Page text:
ALLEN v. STATE

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ALLEN v. STATE
1988 OK CR 196
761 P.2d 902
Case Number: F-87-583
Decided: 09/19/1988
Oklahoma Court of Criminal Appeals

An Appeal from the District Court of Tulsa County; Donald C. Lane, District Judge.

James Edward Allen, Jr., appellant, was convicted in the District Court of Tulsa County of two counts of Possession of a Controlled Dangerous Substance With Intent to Distribute, After Former Conviction of Two or More Felonies. He was sentenced to forty (40) years imprisonment on each count, to be served consecutively, and he brings this appeal. The case must be REVERSED and REMANDED to the District Court of Tulsa County for a new trial.

Johnie O'Neal, Public Defender, Tulsa, for appellant.

Robert H. Henry, Atty. Gen., Wellon B. Poe, Asst. Atty. Gen., Oklahoma City, for appellee.

OPINION

BUSSEY, Judge:

¶1 Appellant, James Edward Allen, Jr., was convicted in the District Court of Tulsa County, Case No. CRF-86-2820, of two counts of Possession of a Controlled Dangerous Substance With Intent to Distribute, After Former Conviction of Two or More Felonies. He was sentenced to imprisonment for forty (40) years on each count, to be served consecutively, and he brings this appeal.

¶2 The unique facts of this case require reversal on appellant's third assignment of error. During its case in chief, the State presented the testimony of a sheriff's officer that he had seen appellant, who was incarcerated in the Tulsa County jail, pass a package wrapped in aluminum foil to another prisoner. The officer had the second prisoner come into the office, and then sent him back to retrieve the package, which had been discarded in the trash. When the officer received the package, he opened it and discovered several pills. A forensic chemist determined that thirty-six of the pills contained hydromorphone, a schedule two drug, and twenty-five pills contained diazepam, a schedule four drug. Both appellant and the other prisoner were charged in connection with the incident, and each was bound over for trial after preliminary hearing. However, on the day before trial, charges against the second prisoner were formally dropped.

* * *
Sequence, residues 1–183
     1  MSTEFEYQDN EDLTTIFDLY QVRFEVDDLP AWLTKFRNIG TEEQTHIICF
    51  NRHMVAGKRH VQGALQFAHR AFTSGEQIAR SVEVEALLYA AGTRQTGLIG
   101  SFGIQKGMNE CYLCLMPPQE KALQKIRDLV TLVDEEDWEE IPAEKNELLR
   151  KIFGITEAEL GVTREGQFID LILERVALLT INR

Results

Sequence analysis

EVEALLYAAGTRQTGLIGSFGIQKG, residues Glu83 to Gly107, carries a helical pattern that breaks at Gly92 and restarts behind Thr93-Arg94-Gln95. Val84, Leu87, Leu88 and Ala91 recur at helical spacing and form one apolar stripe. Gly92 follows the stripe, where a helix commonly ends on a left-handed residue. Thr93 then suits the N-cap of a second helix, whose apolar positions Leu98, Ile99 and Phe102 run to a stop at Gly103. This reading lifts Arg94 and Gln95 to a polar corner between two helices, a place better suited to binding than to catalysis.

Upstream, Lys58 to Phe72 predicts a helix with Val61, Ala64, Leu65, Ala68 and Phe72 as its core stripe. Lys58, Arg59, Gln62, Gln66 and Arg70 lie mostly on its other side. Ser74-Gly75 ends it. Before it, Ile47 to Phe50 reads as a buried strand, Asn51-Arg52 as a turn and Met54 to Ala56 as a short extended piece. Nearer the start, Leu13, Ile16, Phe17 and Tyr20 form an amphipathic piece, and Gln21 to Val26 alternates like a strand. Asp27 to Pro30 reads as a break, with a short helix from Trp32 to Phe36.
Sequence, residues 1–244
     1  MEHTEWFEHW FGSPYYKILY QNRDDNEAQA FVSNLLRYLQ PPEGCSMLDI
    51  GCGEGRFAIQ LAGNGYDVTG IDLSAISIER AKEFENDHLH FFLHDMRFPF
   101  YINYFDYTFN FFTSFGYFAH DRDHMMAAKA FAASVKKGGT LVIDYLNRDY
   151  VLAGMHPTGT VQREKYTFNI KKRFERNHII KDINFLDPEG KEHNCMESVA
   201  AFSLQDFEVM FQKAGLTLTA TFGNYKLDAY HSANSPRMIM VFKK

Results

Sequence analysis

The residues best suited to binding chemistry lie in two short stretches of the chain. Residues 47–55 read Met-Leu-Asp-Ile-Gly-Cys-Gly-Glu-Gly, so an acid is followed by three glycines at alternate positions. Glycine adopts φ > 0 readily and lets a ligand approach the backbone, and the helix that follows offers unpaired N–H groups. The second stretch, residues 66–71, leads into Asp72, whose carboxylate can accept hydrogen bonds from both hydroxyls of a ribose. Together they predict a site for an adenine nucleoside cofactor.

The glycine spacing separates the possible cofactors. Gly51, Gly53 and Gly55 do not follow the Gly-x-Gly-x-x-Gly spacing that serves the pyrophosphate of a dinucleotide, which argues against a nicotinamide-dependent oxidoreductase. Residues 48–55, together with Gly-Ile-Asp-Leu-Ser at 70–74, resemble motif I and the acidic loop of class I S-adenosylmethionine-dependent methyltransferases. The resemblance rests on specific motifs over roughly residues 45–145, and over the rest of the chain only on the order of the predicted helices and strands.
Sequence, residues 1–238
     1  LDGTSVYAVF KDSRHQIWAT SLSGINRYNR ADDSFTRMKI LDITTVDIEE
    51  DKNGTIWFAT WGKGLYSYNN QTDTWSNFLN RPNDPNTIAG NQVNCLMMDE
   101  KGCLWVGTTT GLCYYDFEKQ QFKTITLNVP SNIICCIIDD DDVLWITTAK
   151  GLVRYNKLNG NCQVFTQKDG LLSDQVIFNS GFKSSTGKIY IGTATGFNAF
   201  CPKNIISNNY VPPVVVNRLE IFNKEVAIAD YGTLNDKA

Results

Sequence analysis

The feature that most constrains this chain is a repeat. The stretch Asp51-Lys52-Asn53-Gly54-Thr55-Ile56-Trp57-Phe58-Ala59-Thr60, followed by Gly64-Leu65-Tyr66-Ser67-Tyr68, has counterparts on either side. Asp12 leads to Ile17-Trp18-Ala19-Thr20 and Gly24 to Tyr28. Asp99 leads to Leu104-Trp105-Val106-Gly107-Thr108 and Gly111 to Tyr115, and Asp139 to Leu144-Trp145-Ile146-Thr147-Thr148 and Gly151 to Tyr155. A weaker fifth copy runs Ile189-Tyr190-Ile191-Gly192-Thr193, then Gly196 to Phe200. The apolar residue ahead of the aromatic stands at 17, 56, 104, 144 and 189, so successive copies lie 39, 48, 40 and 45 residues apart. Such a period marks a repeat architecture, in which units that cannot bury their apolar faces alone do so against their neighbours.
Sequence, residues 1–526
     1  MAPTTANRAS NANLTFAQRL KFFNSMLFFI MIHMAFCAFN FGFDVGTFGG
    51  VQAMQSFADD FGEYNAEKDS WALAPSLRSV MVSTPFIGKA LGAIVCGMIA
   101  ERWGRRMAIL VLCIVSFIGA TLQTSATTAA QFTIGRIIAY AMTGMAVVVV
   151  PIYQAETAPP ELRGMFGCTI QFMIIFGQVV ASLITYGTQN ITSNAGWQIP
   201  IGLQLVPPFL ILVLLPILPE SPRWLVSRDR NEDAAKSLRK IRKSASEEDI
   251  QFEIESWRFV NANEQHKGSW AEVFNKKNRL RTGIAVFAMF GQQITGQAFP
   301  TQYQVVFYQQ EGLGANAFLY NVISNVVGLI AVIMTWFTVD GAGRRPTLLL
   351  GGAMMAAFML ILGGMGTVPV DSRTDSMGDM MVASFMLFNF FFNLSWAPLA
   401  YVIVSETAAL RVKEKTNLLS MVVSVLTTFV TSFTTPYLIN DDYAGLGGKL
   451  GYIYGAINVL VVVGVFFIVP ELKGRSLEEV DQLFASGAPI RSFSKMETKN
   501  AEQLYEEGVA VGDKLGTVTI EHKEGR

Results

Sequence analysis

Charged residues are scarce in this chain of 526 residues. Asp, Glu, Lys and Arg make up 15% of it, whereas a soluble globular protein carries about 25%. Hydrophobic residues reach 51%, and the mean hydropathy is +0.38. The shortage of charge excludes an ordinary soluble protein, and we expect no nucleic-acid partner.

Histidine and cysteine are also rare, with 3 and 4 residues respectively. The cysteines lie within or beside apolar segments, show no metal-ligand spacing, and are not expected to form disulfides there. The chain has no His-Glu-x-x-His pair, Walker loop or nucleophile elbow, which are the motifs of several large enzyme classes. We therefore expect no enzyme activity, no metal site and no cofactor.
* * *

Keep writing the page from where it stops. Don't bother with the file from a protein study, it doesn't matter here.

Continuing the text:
¶3 At trial, appellant sought to show that he was unaware of the contents of the package at the time that he passed it to the other prisoner. To support this theory, he presented the testimony of a female jail inmate. She testified that she had seen the aluminum foil package sliding across the floor from a stair well. Appellant had picked up the package and asked if it belonged to her. When she said no, appellant turned to the other prisoner, dropped the package in his lap, and told him to throw it [761 P.2d 903] away. The contents of the package were not visible at any time during this course of events.

¶4 The State brought the second prisoner to the stand in rebuttal to show appellant's guilty knowledge. He testified that after he had retrieved the package from the trash, appellant told him they would "get busted" if he took it into the office. He also testified that appellant had asked him to "stick with his side of the story" and all of the charges would be dropped. He denied that the State had made any "deal" with him to obtain his testimony.

¶5 The State's final witness was the assistant district attorney who had handled the case until the day before trial. On direct examination concerning the second prisoner, he was asked,

[Prosecutor]: What did you ultimately do to his case?

A: I dismissed the case against him.

Q: And could you tell the jury why?

[Defense counsel]: Object to relevance, Your Honor.

The Court: Overruled. You may answer.

A: In my opinion, he wasn't guilty of the crime, and I'm not going to prosecute someone that's not guilty.

(Emphasis added.)

¶6 A timely objection was again interposed, defense counsel arguing that the testimony was overly prejudicial inasmuch as it implied that the assistant district attorney believed appellant was guilty. The objection was overruled. The prosecutor refered to this testimony during his closing argument, adding himself to the guilt/innocence determination. Another objection was raised and overruled.

¶7 It is well settled that a prosecutor should refrain from expressing his personal opinion as to the guilt or innocence of a criminal defendant. ABA Standards for Criminal Justice, § 3-5.8(b). Taken in context, the implication of the testimony and argument in this case clearly disclosed the prosecutors' personal opinions concerning appellant's guilt and tended to improperly bolster the credibility of the second prisoner. That prisoner's testimony was necessary to establish appellant's guilty knowledge. The errors occurring in this case deprived appellant of a fair trial and constituted "a substantial violation of a constitutional or statutory right." 20 O.S. 1981 § 3001.1 [20-3001.1]. Accordingly, the case must be REVERSED and REMANDED to the District Court of Tulsa County for a new trial.

BRETT, P.J., and PARKS, J., concur.